At a bare minimum we recommend running both a Time Machine backup and some form of remote storage system simultaneously. Our preference for the latter would be an internet-based service such as CrashPlan that runs the whole time your Mac is switched on and connected to the net.

Do it yourself

if you prefer not to pay a subscription you can simulate the effect of the aformentioned services – albeit with less convenience and a little less security – by performing manual backups to a series of external drives that you then store in a different building to your Mac.

If you’re a home user, then so long as your employer has no objections the solution could be as simple as storing those drives in your desk drawer at work.

When you have a range of simultaneous backups you can stagger the intervals at which they’re performed, with the more cumbersome options conducted less frequently than the automated systems. So, if you’re using Carbon Copy Cloner to duplicate the contents of your internal storage on an external drive you might only perform this weekly or fortnightly, while running Time Machine and online backup continuously.

It’s easy to become complacent, but it’s imperative you monitor each backup. External drives have a finite life, called the Mean Time Before Failure (MTBF) that acts as a guide to how long is can be expected to run before it develops a fault. Make sure you know what the MTBF is as using the drive for continuous backup will eat into the hours more quickly than occasional use.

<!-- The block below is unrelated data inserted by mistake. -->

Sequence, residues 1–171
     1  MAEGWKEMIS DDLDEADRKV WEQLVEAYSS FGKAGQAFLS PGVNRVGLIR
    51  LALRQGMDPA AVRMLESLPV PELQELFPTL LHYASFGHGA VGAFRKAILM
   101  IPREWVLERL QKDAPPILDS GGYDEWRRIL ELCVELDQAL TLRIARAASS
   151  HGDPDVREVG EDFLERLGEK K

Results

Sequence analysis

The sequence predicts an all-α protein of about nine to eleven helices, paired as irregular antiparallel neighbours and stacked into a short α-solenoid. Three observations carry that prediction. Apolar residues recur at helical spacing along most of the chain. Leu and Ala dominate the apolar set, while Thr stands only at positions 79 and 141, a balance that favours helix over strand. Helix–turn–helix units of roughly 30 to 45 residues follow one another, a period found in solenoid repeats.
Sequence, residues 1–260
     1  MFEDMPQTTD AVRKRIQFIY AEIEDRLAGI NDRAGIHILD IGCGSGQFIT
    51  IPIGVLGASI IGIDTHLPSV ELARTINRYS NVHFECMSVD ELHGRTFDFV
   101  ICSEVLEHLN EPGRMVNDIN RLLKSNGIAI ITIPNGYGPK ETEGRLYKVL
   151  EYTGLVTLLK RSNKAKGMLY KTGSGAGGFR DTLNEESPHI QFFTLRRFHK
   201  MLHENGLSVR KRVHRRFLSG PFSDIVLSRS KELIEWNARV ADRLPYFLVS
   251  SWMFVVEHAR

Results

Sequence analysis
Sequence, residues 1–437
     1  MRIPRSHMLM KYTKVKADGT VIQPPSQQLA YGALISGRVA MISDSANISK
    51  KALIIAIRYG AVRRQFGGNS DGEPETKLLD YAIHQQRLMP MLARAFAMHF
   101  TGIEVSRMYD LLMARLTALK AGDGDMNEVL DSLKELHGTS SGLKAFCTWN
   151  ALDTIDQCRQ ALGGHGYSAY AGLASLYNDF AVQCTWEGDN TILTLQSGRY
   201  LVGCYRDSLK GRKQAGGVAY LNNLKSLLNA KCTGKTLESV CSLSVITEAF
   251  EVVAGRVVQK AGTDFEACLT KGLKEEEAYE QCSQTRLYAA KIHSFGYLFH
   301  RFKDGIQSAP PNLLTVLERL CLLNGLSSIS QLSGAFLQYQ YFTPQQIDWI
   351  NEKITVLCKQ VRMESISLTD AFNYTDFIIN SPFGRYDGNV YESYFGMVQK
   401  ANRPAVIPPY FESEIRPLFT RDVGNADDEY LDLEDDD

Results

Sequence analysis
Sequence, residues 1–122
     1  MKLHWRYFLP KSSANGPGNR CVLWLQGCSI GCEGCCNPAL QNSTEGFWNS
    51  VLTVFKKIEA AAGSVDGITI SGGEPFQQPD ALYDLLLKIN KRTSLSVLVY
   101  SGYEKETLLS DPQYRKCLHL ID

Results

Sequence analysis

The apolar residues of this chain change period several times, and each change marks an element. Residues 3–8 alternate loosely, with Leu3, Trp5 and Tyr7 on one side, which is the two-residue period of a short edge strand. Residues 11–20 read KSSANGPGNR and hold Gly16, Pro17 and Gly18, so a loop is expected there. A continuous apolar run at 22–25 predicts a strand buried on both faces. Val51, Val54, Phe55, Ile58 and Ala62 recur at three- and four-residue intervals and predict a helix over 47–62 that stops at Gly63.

Calculate how far through the allocation you are and swap it out before you hit the limit, even if it appears to be working properly.

iOS backup options

With iOS apps getting more able, we’re storing ever-larger amounts of data on iPads and iPhones. If your Mac’s running Yosemite and logged into iCloud, anything you store there from an iCloud-ready app on an iOS device will be backed up to Time Machine. But what about everything else?

iTunes handily makes a backup of your iOS device every time you sync it. You can set it to store this locally or on iCloud through the iTunes interface (click the iOS device in the bar below the playback progress panel, then pick either iCloud or This Computer in the Summary page’s Backups panel).

But remember, iCloud accounts only include 5GB of free storage. After that, it’s between 79p and £14.99 a month for 20GB to 1TB of additional storage. Photos don’t count against your quota.

If you’re anything like us, though, you’ll rarely connect your device to your Mac, instead downloading apps and content directly. If so, set your device to back up over Wi-Fi every time it’s plugged in, switched on and your Mac’s running iTunes. Do so by connecting it to your Mac (for the last time), starting iTunes and clicking the iPhone or iPad icon.

Scroll to the Options panel at the bottom of the device settings page and check the box beside ‘Sync with this iPhone / iPad over Wi-Fi’.